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Proposal for more efficient C14N

From: Pratik Datta <pratik.datta@oracle.com>
Date: Mon, 04 May 2009 18:17:35 -0700
Message-ID: <49FF93AF.7030003@oracle.com>
To: XMLSec WG Public List <public-xmlsec@w3.org>

Canonicalization for subtrees can be done using a simple and efficient 
algorithm whose performance almost same as plain xml serialization, and 
it produces the same output as the regular canonicalization algorithm. 
This is not really a new proposal, many implementations already do this; 
implementations go to great length to determine if this signature can be 
done in an optimized way, otherwise they fall back to the generic 
nodeset based approach. Do we really need to support the generic 
nodeset? In another email chain I listed all the possible cases 
http://lists.w3.org/Archives/Public/public-xmlsec/2009Apr/0045.html , 
cases 1-4 can be done using the subtree algorithm.

Description of the algorithm

*Data model*
Section 2.1 of the C14n spec talks about the Data Model being based on 
the XPath Nodeset.
For the subtree algorithm the data model is different -  the input is
  a) either a complete document, or a list of elements. Each element 
represents a complete subtrees, the elements are ordered in document 
order, and no element is a descendant of another element in the list.
 b) optionally a set of exclusion elements or attributes.  The exclusion 
elements are not ordered in any way

The algorithm efficiency depends on these lists being small, usually <10

*Processing Model*
The processing model is fairly simple, just do a traversal of each of 
the subtrees, prune traversal when you reach an exclusion node. For each 
node type follow the rules mentioned in Section 2.3 processing model.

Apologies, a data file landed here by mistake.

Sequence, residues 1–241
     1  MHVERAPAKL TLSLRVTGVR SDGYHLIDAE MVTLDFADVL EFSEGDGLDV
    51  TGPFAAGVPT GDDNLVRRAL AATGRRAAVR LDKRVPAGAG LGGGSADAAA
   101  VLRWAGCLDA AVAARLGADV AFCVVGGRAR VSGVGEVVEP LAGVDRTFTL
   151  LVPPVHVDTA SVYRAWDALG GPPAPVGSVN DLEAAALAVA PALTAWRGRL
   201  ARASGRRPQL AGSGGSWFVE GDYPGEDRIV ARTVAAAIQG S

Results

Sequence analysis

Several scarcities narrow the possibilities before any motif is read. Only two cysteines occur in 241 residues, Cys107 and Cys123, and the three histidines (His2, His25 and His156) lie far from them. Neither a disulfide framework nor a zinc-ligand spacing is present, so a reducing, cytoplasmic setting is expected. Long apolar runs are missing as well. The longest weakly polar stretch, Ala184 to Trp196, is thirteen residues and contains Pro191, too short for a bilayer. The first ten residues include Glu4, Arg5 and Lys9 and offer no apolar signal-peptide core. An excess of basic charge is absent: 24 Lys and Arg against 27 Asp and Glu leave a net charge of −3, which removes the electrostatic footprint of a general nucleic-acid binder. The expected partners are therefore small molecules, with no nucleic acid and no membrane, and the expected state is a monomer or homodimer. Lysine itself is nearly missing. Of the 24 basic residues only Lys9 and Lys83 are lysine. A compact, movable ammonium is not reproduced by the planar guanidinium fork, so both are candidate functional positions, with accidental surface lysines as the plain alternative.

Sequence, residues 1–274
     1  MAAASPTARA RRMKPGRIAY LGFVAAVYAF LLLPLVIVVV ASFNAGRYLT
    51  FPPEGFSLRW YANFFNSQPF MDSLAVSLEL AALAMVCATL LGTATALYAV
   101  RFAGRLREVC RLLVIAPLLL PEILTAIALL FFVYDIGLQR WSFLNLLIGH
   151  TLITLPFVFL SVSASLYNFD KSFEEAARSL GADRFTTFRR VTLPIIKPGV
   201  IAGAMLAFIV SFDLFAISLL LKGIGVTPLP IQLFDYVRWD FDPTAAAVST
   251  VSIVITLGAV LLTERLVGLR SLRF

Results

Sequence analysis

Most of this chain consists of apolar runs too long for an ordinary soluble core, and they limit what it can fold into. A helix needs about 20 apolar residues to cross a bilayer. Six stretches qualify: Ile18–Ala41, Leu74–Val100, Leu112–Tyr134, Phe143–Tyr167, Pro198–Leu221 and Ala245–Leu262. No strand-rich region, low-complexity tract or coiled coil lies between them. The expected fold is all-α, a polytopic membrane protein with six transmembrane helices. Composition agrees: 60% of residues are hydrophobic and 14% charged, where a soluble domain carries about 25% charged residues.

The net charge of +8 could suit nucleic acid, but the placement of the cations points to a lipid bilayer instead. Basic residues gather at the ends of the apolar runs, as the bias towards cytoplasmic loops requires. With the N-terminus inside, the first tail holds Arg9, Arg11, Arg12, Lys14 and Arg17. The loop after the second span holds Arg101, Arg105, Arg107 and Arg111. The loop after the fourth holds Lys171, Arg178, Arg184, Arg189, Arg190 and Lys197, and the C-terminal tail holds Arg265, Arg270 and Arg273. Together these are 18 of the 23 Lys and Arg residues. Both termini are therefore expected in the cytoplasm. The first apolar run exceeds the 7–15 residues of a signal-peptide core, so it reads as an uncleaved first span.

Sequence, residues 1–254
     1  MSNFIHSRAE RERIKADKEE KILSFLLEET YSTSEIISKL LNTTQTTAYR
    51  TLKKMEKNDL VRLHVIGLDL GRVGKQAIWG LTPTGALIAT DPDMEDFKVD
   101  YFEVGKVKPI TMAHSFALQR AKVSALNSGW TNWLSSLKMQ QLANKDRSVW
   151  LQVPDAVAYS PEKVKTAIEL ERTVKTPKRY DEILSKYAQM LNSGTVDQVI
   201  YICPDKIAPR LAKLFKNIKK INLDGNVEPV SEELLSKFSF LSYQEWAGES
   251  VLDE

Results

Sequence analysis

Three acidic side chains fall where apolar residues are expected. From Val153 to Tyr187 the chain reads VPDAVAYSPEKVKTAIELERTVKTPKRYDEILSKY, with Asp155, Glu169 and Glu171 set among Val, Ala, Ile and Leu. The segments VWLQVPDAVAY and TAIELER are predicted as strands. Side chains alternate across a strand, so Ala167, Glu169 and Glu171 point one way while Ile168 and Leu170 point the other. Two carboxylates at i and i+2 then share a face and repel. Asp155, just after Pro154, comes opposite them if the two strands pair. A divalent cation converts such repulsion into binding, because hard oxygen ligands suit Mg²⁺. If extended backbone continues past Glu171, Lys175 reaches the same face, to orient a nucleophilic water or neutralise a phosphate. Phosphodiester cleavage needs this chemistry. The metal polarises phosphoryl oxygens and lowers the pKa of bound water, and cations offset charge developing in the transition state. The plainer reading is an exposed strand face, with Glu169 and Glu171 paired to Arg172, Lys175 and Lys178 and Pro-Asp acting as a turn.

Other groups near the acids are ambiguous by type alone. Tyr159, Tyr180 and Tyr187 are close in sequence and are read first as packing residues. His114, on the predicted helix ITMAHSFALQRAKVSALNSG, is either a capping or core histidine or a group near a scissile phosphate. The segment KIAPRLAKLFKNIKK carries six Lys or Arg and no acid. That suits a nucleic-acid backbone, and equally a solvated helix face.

For namespace nodes do this
 - At the root of the subtree look combine all the namespace 
declarations of that subtree's ancestors plus that subtree's root node, 
and emit them. Also put them into a hashmap. Now as you traverse the 
tree, whenever you come across a namespace declaration, check if it 
already in the hashmap, if it is not there then emit it, and add the 
namespace declaration to the hashmap. Also if you have added the 
declaration, remember to remove it, once you have finished traversing 
the node.


Why is this faster? This is because it avoids a lot of expensive things 
that the current algorithm does

   1. Does not create a large array to store a nodeset. Remember the
      Nodeset can have tens of thousands of elements, whereas the
      inclusion / exclusion list only has a handful of elements
   2. Does not sort the nodeset  - Sorting the nodeset by document order
      is expensive
   3. Does not traverse the entire document - only traverses the
      required subtrees.
   4. Does not use XPath at all.  Xpath's namespace axis causes an
      explosion of nodes.
   5. Does not use the XPath namespace axis or the ancestor axis at all,
      instead it maintains a current set of namespaces, and adds/removes
      to it, as it is traversing the document. This is much more
      efficient then looking at the ancestor axis for every element.

Received on Tuesday, 5 May 2009 01:18:51 UTC

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